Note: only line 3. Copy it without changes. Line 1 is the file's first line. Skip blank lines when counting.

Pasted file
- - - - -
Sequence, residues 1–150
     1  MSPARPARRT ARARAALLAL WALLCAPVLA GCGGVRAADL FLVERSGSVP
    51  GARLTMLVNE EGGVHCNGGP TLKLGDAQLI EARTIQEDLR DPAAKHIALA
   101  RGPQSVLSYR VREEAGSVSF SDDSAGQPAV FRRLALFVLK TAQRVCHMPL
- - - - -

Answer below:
    51  GARLTMLVNE EGGVHCNGGP TLKLGDAQLI EARTIQEDLR DPAAKHIALA